• A recommendation could have several different artifacts created in this layer, one for each of the different HIT platforms.
  • Abstract Representation layer:
    • Structures the recommendation for use in particular kinds of CDS tools.
    • Reminder and alert rules.
    • Order sets.
    • A recommendation could have several different artifacts created in this layer, one for each kind of CDS tool.
  • Semi-structured Recommendation layer.
    • Breaks down the text into various slots such as those for applicable clinical scenario, the recommended intervention, and evidence basis for the recommendation.
    • Standard vocabulary codes for data and more precise criteria (pseudocode).
  • Narrative Recommendation layer:
    • Narrative text of the recommendation from the published guideline.

Slide 12

Knowledge Pack

  • For each knowledge representation layer in CDS stack:
    • Data standard (controlled medical terminology, concept definitions, allowable values).
    • Logic specification (statement of rule logic).
    • Functional requirement (specification of IT feature requirements for expression of knowledge—rule, order set, template, etc.).
    • Report specification (description of method for CDS impact measurement and assessment).

Slide 13

Complete CDS Knowledge Specification

The empty table shows the Multilayered Knowledge Model layers(Narrative, Semi-structured, Abstract, and Machine interpretable) represented in the left column with the Knowledge Pack layers (Data, Logic, Function, and Measure) represented across the top row.

  • A complete functional specification to accommodate and facilitate a variety of implementation methods in HIT.

Slide 14

Complete CDS Knowledge Specification

The previous table filled in:

  • Narrative.
    • Data-if the patient's creatinine.
    • Logic-is elevated then avoid metformin.
    • Function-ability to show an alert (on screen or paper).
    • Measure-percentage of metformin pts with a high Cr.
  • Semi-structured.
    • Data-lab value: creatinine.
    • Logic-clinical scenario: elevated Dr.; Action: avoid metformin.
    • Function-lab results, medication list (database).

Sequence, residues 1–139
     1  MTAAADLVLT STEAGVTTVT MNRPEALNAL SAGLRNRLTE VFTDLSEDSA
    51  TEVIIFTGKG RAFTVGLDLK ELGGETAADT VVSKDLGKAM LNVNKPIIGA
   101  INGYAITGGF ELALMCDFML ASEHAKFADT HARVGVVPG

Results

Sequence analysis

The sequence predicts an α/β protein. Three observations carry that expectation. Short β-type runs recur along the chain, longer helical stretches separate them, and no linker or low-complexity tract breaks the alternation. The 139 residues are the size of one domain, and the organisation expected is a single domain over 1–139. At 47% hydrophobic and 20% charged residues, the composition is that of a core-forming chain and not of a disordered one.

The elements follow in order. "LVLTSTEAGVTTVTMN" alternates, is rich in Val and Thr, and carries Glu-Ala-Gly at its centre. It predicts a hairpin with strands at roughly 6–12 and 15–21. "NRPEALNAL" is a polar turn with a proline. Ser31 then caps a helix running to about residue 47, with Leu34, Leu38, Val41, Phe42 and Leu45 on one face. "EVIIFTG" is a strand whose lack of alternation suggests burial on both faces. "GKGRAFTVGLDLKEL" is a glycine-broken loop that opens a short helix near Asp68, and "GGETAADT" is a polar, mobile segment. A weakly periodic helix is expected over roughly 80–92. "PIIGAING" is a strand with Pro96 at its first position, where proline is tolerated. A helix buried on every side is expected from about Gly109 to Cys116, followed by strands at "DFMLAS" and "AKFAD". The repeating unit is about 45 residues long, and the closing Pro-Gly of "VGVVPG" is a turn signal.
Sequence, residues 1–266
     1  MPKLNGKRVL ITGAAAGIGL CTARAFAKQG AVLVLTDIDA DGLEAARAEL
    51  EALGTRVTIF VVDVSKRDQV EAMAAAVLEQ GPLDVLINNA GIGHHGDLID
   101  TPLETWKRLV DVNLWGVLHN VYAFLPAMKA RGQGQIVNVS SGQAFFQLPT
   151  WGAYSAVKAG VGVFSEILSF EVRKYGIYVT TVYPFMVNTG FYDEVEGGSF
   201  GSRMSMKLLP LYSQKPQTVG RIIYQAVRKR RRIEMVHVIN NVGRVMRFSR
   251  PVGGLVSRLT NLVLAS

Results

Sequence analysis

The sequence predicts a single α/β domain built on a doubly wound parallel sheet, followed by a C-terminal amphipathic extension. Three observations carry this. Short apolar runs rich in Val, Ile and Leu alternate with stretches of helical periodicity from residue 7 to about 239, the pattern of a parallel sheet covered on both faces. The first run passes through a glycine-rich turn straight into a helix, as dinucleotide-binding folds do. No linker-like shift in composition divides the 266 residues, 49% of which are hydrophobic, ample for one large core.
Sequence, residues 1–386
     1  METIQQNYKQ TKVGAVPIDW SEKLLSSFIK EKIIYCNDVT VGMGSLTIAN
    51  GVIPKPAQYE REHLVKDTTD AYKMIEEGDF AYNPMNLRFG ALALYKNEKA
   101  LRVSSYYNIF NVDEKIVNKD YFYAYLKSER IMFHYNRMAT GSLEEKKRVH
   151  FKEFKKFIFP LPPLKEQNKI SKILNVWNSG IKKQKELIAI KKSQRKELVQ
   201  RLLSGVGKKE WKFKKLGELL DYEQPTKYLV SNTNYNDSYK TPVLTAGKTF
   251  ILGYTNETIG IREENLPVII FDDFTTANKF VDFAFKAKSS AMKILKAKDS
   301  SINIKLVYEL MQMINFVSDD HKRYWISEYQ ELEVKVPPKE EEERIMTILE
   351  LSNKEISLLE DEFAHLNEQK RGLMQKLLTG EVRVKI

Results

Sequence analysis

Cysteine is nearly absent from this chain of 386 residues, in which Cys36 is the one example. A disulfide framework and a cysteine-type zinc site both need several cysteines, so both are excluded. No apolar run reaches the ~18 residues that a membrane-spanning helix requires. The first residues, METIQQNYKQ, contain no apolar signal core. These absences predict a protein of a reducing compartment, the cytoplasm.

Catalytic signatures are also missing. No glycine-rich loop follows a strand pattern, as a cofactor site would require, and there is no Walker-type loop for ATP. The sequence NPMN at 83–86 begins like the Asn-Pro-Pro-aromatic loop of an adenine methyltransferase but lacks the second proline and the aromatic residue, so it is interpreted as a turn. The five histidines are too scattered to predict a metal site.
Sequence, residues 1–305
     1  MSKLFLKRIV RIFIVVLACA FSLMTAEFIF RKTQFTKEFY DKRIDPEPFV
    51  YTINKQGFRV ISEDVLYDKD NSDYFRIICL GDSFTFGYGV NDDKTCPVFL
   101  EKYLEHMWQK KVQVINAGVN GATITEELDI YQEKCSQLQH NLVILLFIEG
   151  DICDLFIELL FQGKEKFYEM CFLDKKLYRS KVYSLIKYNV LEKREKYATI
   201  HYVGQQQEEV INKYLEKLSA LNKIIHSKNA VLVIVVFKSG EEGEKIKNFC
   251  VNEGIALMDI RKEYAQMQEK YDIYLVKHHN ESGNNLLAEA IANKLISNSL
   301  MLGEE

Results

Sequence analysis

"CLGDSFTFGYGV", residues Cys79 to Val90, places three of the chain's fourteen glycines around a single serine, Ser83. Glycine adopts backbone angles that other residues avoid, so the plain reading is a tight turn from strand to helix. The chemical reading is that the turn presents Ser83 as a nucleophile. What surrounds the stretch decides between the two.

• Measure-num: all metformin pts; Denom: high Cr & metformin.
  • Abstract.
    • Data-LOIN C 2159-2.
    • Logic-if cr >1.2 mg/dL → tell user "d/c metformin."
    • Function-CIS with rule evaluation capablility, alerting function.
    • Measure-num: NumSet = {med=metformin} DenomSet={cr > 1.2}.
  • Machine interpretable.
    • Data-select * from labs where ID = 2159-2.
    • Logic-if (cr >1.2)?print ("d/c metformin").
    • Function-CPOE with lab, meds and alerting capability.
    • Measure-select count (*) where.

Slide 15

Knowledge Artifacts by Layer

  • Published Guideline.
  • Semi-structured recommendation.
    • Abstract Rule.
      • Executable Rules.
    • Abstract Order Set.
      • Order Sets in CPOE system.

Slide 16

Accomplishments to Date (start 3/08)

  • KM Lifecycle Assessment Team.
    • Completed Knowledge Management and CDS Survey and sent it out to the Consortium sites. PHS and Regenstrief have returned the survey.
    • PHS Site Visit, June 16-20. Interviewed and shadowed Partners physicians about their knowledge management and CDS practices.
    • Site visits to Regenstrief and VA scheduled and shepherds identified.
  • Knowledge Translation and Specification Team.
    • Completed semi structured representation and presented work to AHRQ and TEP on July 11, 2008.
  • Draft clinical action model developed.
  • KM Portal.
    • Delivered eRoom as a collaborative environment for CDSC activities and finalized KM Portal design hardware.
  • Vendor Generalization and CCHIT Team.
    • Completed capability reviews of nine EHR systems through customer interviews to assess their decision support features.
  • CDS Services Development.
    • Completed literature review on current service-oriented architectures for clinical decision support.
    • Beginning service development.
  • Joint Information Modeling Working Group.
    • Patient data model and terminologies selected.
    • Developing conceptual model.
    • Developing localization model.

Slide 17

Timeline Overview

Year I

  • Knowledge Management Lifecycle Assessment.
  • Knowledge Translation and Specification.

Year I-Year II

  • Knowledge Portal & Repository.
  • Evaluation.
  • Dissemination.

Mid Year I-Mid Year II

  • CDS Web Services Development.
  • Vendor Recommendation/CCHIT.

Mid Year II

  • Demo Phase 1: LMR.

Slide 18


The cartoon shows a sitting man looking at a line graph on a wall with an X showing, "you are here."

  • Thank you!
Current as of February 2009
Internet Citation: Clinical Decision Support Consortium (Text Version). February 2009. Agency for Healthcare Research and Quality, Rockville, MD.